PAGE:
Mix it all together and spread the filling over the now cool spinach mat.

Roll up the spinach mat and filling.

Bake for 25 minutes.

Cut it into 5 slices.

Stuffed bell pepper rings with veggies 90 calories (4 serving)


2 bell peppers
1 tsp olive oil
1 clove garlic
1/2 onion
1 mushroom
salt and black pepper
ground turkey

5 tbsp parsley
1 egg white
1/4 tsp italian seasoning
4 tbsp tomato sauce

Pre-heat the oven to 350° f.

Slice bell peppers into rings.

Finely chop up bottomsto be added into the turkey mixture.

Heat oil in a medium skillet and saute garlic onion, mushroom, chopped bell pepper, for about 5 minutes or until the onion becomes translucent.

Stir in the salt, pepper.

Transfer mixture to a large bowl and add in turkey, egg, parsley, italian seasoning.

Mix thoroughly.

Divide the mixture evenly among the 4 bell pepper rings and place on a baking sheet.

spread tomato sauce over the mini meatloafs.

Bake in the oven for 30-35 minutes.

Top with extra parsley and ENJOY!!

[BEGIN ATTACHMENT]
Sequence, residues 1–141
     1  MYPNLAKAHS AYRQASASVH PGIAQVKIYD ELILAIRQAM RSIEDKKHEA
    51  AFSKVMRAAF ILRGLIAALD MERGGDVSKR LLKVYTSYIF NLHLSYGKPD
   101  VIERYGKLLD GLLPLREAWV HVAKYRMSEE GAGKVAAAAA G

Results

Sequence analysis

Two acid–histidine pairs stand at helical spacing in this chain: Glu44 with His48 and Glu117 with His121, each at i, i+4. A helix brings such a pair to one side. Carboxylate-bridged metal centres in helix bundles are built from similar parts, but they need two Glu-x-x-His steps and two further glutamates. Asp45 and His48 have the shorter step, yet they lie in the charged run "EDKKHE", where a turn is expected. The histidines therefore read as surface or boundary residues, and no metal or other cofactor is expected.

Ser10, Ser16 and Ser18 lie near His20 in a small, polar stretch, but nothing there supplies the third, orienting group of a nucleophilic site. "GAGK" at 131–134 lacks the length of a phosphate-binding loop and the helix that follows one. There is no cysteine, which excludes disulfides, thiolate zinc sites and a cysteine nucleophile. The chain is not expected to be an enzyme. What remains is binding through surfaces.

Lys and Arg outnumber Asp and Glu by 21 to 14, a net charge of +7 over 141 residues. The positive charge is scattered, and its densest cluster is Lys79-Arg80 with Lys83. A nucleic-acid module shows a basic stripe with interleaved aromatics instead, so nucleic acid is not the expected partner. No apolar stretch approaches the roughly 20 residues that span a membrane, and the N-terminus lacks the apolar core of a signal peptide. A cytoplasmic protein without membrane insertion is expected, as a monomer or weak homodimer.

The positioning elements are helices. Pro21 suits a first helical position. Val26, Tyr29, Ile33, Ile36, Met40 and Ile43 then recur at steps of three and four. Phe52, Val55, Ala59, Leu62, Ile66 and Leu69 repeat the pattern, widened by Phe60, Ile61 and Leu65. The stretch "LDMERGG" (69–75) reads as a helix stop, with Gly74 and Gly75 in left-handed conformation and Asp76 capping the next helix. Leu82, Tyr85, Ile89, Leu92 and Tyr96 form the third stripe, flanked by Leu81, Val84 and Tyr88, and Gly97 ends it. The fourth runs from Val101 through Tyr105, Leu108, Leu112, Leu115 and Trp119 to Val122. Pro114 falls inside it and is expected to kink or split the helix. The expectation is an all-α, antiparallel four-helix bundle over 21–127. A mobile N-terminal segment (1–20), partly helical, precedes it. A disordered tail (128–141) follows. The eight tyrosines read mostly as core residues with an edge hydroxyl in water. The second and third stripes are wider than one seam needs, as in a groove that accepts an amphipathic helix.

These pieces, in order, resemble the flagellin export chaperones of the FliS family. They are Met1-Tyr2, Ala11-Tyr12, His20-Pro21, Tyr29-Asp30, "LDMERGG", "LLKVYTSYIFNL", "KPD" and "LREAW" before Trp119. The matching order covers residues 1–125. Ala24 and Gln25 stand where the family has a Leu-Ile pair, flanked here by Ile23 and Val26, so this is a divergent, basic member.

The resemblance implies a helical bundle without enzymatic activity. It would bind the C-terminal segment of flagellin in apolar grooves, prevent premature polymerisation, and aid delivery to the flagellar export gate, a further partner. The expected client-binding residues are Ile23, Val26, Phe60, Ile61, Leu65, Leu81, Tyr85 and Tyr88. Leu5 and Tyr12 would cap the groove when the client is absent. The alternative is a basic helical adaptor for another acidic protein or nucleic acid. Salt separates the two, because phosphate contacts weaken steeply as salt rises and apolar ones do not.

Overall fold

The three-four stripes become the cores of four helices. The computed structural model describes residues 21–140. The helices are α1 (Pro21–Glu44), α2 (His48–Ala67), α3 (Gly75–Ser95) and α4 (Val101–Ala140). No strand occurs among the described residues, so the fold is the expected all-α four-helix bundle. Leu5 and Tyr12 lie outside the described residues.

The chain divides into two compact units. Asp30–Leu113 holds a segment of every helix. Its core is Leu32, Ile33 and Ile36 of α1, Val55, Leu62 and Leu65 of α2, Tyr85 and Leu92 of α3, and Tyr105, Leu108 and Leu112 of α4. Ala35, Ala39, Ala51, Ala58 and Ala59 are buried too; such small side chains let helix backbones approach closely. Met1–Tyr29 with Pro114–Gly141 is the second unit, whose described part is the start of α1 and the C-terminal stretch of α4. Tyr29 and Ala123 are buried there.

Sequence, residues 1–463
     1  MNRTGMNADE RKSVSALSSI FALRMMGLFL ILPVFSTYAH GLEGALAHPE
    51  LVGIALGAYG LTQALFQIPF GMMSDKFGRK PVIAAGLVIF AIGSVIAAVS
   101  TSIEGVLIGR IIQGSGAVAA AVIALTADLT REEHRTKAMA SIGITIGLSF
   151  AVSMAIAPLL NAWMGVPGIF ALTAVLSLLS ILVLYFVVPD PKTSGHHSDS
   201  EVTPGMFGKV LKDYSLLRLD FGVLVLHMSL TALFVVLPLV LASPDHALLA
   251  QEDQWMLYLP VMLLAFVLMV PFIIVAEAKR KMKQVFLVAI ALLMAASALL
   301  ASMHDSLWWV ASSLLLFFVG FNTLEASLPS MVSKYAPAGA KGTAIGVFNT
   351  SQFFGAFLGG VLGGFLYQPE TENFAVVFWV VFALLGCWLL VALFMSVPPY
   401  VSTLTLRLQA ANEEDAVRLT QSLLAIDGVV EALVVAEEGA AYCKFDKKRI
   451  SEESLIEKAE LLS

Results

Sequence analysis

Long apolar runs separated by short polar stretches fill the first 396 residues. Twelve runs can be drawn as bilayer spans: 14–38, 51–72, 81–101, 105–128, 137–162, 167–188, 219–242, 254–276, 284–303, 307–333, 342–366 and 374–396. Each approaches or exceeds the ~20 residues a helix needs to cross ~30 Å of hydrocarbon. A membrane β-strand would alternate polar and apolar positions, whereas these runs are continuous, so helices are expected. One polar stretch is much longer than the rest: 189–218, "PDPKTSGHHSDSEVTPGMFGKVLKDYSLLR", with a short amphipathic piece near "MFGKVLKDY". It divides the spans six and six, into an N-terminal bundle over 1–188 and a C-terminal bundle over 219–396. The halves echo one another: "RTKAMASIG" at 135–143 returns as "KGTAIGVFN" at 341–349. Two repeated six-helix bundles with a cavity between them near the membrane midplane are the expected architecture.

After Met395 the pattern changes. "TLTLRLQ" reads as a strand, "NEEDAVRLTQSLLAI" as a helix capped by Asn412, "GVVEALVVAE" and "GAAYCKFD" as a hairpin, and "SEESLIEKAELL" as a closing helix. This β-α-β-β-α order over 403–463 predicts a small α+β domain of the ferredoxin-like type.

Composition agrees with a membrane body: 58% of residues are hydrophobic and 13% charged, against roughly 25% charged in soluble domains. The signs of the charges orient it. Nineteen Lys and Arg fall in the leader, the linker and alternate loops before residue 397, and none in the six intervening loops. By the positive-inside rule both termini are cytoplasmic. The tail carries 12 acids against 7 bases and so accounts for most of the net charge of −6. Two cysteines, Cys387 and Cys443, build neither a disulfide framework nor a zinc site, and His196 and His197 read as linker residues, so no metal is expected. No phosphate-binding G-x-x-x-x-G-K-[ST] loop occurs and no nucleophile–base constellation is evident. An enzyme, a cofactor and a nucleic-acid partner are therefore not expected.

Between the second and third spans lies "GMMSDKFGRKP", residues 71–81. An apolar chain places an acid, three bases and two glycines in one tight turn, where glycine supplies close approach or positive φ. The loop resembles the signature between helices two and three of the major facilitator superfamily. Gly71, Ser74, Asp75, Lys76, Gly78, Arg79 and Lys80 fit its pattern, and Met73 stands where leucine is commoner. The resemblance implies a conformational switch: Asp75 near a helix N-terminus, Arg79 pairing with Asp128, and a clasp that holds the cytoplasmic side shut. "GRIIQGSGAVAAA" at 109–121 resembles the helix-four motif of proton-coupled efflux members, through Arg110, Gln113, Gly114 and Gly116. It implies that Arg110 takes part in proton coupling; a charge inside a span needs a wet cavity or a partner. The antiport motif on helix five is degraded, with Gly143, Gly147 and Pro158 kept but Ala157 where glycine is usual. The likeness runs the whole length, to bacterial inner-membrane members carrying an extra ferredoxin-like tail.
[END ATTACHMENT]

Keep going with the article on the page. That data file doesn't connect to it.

Broccoli crust pizza recipe 300 calories (1 serving)


1 medium head broccoli
1 egg
salt and black pepper
1/4 tsp italian seasoning
1/4 cup + 1 tbsp low fat mozzarella cheese
3 tbsp tomato sauce
1/4 onion
1/4 red bell pepper
1 mushroom

Keto Vs. Low-Carb: What’s The Difference?
Let’s Keepin Touch

We’ve been getting a lot of questions lately about the difference between a ketogenic diet and a high-fat, low-carb diet.

How are they different? Is one better than the other? Which one should you do?
Great questions.

Keto and low-carb are indeed different, and as with most everything in nutrition, one isn’t better than the other.

Which one you should choose (if you want to go low-carb at all) depends on your goals.

Let’s take a look at the differences between keto and low-carb, the health benefits and limitations of each, and when you might want to try one over the other.